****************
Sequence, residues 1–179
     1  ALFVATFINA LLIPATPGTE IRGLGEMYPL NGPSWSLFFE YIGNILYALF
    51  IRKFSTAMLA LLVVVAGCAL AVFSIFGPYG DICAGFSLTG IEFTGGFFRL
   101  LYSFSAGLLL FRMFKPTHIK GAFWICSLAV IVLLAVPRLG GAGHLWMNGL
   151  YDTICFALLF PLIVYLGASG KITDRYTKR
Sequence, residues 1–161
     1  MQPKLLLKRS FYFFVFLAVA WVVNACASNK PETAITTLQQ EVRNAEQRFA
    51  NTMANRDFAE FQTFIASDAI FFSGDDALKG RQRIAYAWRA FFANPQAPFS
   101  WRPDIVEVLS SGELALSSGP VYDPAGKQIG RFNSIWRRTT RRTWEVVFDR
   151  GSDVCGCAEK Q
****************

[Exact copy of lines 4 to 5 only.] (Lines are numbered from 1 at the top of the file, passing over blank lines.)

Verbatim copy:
   101  LYSFSAGLLL FRMFKPTHIK GAFWICSLAV IVLLAVPRLG GAGHLWMNGL
   151  YDTICFALLF PLIVYLGASG KITDRYTKR